Monitoring biodiversity and environmental assessment of freshwater macroinvertebrates in anthropogenically polluted rivers using eDNA Understanding the impact on the ecosystems by environmental changes caused by such as anthropogenic activities and climate change is increasingly important. Environmental DNA is a suitable tool for long-term monitoring due to its low sampling effort and promising approach to river management. Freshwater macroinvertebrates are popular as environmental impact indicators because their response to environmental changes is immediate. In this talk, the response of macroinvertebrate communities toward heavy metal pollution from an abandoned mine, comparing two methods: insect collection and eDNA will be shown. A total of five sites were surveyed along approximately 1.2 km section of a river downstream of a closed mine in Iwate Prefecture: a site with/without metal effects, a confluence of these sites, and two sites after the confluence. At each site, aquatic insect sampling, environmental DNA sampling, and metal concentration analysis were conducted. Environmental DNA samples were subjected to metabarcoding analysis targeting 142 bp and 313 bp of the COI region of mitochondrial DNA. The results showed that taxonomic diversity was lowest at the metal-impacted site (Cu=99.5ug/L, Cd=4.86 ug/L), and that the family Chironomidae was dominant, as indicated by both the capture-based sampling and environmental DNA. At the two sites after the confluence, taxonomic richness and abundance recovered more downstream in the sampling survey, but no clear recovery was observed in the environmental DNA. Although the discrepancies, environmental DNA clearly showed differences in community structure even at an only 500 m interval in lotic environments, indicating that quite localized communities can be investigated.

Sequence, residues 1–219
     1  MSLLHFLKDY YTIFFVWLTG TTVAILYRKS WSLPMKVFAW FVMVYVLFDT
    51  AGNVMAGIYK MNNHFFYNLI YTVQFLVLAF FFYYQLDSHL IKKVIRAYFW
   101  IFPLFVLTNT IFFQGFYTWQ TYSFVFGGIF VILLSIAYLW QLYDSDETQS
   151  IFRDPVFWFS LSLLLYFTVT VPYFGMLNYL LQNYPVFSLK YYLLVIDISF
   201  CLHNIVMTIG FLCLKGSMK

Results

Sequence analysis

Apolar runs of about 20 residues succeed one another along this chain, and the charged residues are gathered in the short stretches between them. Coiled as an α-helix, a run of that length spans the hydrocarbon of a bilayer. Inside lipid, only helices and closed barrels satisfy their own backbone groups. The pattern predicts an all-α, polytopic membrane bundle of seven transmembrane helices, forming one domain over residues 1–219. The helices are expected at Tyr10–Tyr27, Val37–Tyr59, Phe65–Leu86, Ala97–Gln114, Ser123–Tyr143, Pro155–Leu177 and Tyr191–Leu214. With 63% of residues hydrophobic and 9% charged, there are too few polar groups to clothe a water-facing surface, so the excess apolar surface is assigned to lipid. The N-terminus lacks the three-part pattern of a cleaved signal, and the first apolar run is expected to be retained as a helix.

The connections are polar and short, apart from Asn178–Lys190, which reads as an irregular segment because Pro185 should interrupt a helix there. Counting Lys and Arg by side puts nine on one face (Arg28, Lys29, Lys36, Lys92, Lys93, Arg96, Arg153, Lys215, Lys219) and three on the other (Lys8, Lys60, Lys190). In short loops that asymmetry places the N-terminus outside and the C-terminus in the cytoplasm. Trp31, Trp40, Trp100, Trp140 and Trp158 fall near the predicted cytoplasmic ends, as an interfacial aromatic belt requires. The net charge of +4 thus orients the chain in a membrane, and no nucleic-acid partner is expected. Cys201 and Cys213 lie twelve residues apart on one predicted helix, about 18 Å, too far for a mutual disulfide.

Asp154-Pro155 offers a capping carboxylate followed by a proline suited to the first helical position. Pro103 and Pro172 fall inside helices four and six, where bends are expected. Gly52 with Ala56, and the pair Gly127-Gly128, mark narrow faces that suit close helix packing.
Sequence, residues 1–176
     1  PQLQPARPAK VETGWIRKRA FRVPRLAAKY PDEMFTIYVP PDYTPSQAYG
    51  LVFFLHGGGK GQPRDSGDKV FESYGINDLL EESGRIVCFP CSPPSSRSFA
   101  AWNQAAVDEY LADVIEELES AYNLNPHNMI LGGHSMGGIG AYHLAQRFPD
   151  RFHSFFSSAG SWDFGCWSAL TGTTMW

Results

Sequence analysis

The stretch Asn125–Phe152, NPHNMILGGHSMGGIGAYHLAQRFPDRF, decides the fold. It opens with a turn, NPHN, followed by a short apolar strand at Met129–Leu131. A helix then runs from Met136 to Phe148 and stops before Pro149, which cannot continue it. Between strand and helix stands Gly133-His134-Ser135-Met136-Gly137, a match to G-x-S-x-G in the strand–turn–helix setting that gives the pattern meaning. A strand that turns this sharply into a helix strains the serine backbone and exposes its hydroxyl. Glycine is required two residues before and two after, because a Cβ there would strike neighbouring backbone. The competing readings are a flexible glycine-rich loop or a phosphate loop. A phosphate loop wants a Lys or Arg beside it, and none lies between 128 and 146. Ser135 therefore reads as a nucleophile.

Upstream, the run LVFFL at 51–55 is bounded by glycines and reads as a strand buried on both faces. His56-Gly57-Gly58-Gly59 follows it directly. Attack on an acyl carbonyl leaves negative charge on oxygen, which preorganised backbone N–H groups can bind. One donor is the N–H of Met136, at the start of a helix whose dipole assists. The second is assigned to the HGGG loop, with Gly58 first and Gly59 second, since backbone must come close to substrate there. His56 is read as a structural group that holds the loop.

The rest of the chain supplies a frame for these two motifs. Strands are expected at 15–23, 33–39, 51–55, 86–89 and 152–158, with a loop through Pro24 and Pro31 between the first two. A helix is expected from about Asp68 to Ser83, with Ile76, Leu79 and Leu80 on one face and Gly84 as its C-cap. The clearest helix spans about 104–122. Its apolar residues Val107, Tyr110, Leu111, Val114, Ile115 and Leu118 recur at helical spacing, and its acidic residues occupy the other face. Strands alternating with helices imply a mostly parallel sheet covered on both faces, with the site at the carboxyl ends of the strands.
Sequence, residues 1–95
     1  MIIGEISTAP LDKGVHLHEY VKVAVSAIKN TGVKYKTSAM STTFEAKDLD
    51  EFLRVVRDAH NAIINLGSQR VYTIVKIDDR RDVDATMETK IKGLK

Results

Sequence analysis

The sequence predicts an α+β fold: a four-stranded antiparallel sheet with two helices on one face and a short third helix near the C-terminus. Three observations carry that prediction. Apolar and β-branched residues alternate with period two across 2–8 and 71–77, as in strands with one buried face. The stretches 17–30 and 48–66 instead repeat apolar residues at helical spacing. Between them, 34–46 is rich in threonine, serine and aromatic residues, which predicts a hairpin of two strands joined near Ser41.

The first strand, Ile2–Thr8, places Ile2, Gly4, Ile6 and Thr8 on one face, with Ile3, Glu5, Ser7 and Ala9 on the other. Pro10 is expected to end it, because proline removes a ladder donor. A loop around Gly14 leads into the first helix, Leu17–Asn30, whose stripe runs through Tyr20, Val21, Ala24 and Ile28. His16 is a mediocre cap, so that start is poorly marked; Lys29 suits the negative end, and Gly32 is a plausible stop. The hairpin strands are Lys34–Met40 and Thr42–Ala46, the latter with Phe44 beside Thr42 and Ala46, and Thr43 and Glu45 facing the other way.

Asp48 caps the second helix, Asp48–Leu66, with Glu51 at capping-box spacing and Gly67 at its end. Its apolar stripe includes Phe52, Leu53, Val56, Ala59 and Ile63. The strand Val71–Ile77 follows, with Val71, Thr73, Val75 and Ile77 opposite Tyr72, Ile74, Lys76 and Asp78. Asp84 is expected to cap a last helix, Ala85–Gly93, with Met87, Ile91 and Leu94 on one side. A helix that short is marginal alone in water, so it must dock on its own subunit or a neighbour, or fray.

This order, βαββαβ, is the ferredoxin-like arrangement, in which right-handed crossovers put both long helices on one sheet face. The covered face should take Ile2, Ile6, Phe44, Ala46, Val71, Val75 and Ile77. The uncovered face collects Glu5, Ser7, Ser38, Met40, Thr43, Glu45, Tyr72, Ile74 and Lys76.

Noriko Uchida (Primary Presenter/Author), Tohoku University, noriko.uchida.d1@tohoku.ac.jp;